Anyone who says they don’t like blue cheese probably hasn’t tasted Gorgonzola Dolce.
The Italian classic is a creamy, sweet cow’s milk cheese with a gentle blue flavour. It’s a much milder version of its stronger-flavoured
cousin, Gorgonzola Piccante.
Frewville and Pasadena Cheesebar both stock large wheels of Mauri Gorgonzola Dolce Bonta Della Bonta which you can buy by the delicious scoop.
In Italy, the most popular form of Gorgonzola is Dolce (meaning sweet). However the cheese exported as Dolce is usually quite firm in texture when compared to the luscious, soft cheese enjoyed by the locals in Italy. This is because the soft versions were too delicate to export – until
Mauri’s Gorgonzola Dolce from Lombardy is matured in the family-owned company’s caves (cheese cellars) for 120 days so this is a carefully ripened cheese.
It was the first choice of Pasadena Cheesebar’s Annette Palmer when we asked her for a perfect cheese to eat in late autumn/early winter.
She says it’s great simply slathered on sourdough or as a dessert cheese served with fresh seasonal fruit such as apples, pears and grapes. It can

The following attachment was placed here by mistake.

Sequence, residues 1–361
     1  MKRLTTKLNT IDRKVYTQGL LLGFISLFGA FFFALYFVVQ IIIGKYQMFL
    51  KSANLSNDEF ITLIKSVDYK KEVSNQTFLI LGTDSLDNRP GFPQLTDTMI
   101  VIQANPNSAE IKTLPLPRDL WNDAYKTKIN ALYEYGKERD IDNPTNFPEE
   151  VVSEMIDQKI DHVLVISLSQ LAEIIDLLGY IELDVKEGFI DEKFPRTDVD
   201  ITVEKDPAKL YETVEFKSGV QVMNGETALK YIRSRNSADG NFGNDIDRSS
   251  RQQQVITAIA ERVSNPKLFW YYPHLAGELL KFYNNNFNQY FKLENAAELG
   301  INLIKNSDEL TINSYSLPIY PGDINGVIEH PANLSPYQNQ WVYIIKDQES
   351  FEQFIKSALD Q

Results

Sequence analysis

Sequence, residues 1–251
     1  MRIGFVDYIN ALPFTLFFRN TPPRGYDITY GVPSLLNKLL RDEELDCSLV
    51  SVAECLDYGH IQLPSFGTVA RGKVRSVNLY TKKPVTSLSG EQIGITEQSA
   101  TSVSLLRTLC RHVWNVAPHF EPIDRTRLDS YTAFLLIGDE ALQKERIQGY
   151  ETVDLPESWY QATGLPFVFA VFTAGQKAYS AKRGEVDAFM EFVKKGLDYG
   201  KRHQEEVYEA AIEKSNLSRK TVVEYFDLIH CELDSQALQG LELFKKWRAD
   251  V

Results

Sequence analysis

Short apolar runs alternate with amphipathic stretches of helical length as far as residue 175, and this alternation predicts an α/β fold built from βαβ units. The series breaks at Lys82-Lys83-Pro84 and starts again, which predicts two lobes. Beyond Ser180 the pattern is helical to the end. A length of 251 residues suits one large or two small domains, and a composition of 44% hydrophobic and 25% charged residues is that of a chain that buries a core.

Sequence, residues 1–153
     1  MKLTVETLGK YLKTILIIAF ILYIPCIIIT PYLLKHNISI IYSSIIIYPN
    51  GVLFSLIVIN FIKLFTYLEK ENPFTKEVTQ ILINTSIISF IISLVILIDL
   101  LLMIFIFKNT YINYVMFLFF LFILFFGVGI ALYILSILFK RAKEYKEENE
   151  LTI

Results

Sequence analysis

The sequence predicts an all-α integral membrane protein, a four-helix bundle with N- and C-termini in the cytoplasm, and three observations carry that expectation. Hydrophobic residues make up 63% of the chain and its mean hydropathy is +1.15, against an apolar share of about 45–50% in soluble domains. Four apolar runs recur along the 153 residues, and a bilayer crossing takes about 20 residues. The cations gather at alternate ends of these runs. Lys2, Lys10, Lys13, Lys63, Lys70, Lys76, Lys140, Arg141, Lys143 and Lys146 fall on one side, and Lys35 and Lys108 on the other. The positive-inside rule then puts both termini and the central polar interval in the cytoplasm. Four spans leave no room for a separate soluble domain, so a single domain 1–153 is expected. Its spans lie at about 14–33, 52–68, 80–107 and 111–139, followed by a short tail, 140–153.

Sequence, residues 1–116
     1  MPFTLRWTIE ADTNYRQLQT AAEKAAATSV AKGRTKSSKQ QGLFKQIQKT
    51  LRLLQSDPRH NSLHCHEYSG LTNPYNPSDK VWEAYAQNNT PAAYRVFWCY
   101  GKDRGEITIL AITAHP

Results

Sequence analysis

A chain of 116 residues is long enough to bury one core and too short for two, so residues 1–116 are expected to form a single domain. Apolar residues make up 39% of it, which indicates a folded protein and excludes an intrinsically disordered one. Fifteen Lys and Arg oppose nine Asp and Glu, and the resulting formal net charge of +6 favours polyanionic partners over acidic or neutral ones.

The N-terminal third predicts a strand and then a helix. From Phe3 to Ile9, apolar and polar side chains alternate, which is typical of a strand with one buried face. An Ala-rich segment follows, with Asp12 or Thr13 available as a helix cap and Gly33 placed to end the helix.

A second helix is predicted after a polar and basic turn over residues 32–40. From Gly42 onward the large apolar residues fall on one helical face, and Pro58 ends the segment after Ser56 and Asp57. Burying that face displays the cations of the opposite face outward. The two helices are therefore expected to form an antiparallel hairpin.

form the basis for a luxurious sauce for gnocchi or polenta or can be melted through risotto or crumbled over pizza.
“I like melting a little of the cheese over potatoes for something indulgent and different. It really livens up oven baked vegetables,” Annette says.
“Make sure you take it out of the fridge about an hour or so before serving to get it to room temperature so the flavours really stand out.”
Buffalo milk is 30 per cent lower in cholesterol than cow’s milk and is a rich source of calcium, protein and vitamins. It is also two to four times
higher in antioxidants.
Buffalo milk yields nearly twice as much cheese per litre compared wit cows milk. So to produce 1 kg of cheese you would need 8 – 12 litres of cows milk, compared with only 4.5 litres of buffalo milk.
Buffalo mozzarella, or mozzarella di bufala, was traditionally manufactured in Campania, Italy. The word mozzarella is from the action mozzare which means “cutting by hand”, (separating the curd into small balls).
Australian cheese lovers are embracing buffalo milk cheeses. Mozzarella made with buffalo milk is creamier, more delicate, silky and sweeter than mozzarella made with cow’s milk. It has a rich flavour and a pleasant tang.
We’re loving the award-winning Shaw River buffalo mozzarella sourced from a small, family-run buffalo dairy and cheese making company just over the border in Yambuk, Victoria.
Shaw River is run by the Haldane family who are pioneers in buffalo milk products. They made a visionary move when they imported Riverine Buffalo from Italy in 1995 and Murrah Buffalo from Bulgaria in 1996.
Frewville and Pasadena stores stock the Shaw River mozzarella and it’s also part of the tasting menu at Salumibar.